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A few loopholes I can forgive. But when a plot is riddled with them, crippled by them, made implausible by them, as in "Along Came a Spider," I get distracted. I'm wondering, since Dr. Alex Cross is so brilliant, how come he doesn't notice yawning logical holes in the very fabric of the story he's occupying?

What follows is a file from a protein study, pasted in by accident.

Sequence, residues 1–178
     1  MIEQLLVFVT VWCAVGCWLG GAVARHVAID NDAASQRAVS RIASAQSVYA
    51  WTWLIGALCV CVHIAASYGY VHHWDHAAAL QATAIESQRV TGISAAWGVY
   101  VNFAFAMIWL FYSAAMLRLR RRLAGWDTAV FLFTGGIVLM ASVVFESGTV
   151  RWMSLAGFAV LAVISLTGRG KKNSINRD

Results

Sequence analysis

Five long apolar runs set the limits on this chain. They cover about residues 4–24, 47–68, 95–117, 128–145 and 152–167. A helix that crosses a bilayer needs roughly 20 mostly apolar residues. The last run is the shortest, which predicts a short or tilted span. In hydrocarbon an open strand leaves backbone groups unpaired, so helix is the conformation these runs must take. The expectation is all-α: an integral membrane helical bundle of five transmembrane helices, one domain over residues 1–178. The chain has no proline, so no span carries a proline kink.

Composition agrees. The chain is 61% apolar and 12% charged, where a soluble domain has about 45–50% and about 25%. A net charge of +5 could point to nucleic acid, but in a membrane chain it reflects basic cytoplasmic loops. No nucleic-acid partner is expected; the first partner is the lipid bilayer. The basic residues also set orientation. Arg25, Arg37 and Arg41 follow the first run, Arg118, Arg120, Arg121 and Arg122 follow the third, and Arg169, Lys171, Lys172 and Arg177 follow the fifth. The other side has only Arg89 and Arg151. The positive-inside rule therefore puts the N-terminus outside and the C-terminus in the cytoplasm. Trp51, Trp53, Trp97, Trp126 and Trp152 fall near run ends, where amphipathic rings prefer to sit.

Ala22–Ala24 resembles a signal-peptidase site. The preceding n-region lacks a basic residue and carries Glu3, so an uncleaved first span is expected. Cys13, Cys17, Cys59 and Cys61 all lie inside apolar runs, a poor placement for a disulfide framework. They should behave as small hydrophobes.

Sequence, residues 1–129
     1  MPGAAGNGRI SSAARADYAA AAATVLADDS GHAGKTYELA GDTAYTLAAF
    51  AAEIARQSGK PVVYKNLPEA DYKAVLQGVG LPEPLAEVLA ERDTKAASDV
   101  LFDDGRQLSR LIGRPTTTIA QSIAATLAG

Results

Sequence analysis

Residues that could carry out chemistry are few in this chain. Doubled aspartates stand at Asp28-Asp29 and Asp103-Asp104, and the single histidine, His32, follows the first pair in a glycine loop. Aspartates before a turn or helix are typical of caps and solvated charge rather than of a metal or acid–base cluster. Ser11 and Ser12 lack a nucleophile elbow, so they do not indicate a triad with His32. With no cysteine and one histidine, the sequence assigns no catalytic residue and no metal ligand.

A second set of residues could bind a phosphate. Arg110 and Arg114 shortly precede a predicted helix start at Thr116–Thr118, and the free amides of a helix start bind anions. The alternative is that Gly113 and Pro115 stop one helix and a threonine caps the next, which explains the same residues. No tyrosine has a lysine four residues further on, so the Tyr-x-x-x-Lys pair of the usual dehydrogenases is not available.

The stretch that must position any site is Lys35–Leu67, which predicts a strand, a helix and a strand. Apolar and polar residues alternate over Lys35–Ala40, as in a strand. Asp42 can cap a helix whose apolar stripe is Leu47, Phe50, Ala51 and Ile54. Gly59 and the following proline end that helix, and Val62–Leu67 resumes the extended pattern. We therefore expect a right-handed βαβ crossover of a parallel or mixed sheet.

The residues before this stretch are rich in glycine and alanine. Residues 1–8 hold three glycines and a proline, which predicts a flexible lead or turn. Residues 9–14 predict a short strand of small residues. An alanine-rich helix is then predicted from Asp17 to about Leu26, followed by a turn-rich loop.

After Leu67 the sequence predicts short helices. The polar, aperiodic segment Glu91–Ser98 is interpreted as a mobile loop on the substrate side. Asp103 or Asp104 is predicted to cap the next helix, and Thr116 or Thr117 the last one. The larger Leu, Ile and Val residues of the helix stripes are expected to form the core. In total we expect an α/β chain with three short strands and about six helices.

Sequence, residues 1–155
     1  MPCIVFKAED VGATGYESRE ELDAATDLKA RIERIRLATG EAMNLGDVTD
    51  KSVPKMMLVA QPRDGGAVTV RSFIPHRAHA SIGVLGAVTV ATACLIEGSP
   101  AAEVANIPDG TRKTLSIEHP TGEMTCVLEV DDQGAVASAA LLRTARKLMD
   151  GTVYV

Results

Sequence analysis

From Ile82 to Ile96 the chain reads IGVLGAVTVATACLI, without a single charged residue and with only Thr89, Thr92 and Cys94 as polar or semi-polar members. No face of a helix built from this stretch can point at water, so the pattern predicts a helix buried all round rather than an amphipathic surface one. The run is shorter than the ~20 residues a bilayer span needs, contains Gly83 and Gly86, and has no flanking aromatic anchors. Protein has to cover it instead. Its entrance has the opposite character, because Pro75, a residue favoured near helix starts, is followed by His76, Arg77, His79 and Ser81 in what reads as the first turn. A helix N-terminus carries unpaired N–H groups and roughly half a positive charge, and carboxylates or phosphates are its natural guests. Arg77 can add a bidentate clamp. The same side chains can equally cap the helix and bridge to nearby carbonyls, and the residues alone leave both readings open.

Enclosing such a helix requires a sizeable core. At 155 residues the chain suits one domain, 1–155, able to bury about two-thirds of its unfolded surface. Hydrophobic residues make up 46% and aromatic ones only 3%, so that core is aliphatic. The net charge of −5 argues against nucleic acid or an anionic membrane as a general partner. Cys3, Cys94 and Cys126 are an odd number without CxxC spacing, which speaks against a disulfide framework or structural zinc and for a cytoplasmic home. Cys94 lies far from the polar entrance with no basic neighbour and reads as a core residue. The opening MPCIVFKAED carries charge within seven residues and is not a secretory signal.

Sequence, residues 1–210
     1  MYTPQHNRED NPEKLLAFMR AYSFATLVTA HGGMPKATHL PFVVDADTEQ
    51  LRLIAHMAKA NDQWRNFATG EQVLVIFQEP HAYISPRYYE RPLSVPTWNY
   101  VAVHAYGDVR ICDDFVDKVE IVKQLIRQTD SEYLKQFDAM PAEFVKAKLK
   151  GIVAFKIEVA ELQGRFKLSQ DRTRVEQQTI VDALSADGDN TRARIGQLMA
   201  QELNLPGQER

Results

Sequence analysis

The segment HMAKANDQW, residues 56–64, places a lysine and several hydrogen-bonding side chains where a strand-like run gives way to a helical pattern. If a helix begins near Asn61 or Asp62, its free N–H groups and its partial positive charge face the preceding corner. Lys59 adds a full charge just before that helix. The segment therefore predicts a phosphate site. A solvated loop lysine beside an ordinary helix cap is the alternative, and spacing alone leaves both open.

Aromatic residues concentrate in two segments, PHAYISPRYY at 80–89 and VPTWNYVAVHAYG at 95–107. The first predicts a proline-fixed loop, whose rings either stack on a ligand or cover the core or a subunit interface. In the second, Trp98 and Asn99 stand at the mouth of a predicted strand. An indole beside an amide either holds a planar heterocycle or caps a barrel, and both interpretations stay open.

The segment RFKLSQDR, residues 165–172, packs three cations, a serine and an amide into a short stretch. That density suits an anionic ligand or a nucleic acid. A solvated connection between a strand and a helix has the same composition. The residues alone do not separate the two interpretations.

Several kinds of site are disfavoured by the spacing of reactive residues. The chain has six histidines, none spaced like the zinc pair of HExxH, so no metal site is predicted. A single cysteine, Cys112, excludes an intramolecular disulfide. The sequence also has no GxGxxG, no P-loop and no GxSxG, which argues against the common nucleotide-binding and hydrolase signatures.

A kidnapping thriller that stars Morgan Freeman, explicitly reprising his role as - the criminal profiler Alex Cross - who first appeared in in Kiss the Girls with Ashley Judd - and, implicitly, his persona from movies like Seven. He is the wise, fatherly cop schooled in the mentality of the wackos, called in when a mysterious predator Gary Soneji Michael Wincott snatches the pre-teen daughter of a senator from her fancy private school. Cross is helped out by the feisty-yet-vulnerable secret service agent Jezzie Flannigan who was supposed to be looking out for the little girl in the first place, so she's got something to prove. Flannigan is played by Monica Potter, a star with china-doll-like beauty and acting ability. Until approximately halfway through, the drama proceeds on familiar lines, with the kidnapper taunting and playing "mind games" with his pursuers on the phone, leaving weirdo clues through websites, and occasionally treating himself to a Malkovich-flavoured tantrum. But then the plot is up-ended by an enormous and unexpected twist, a great big Chubby Checker-sized hip-swivelling twist - which utterly cancels out the dramatic import of everything that has been accumulating over the previous hour. Basically, a new kidnapping plot begins here, a kidnapping plot which is all about money and not psycho stuff, and this plot is not really melded into the first in any satisfactory way. Freeman is a class act, though, and his rumbling bass voice always means he can carry off a scene with a certain style, however absurdly written. Eventually, though, for a psycho thriller to work, the psycho in question has to be fascinating and scary - and this one is just tiresome.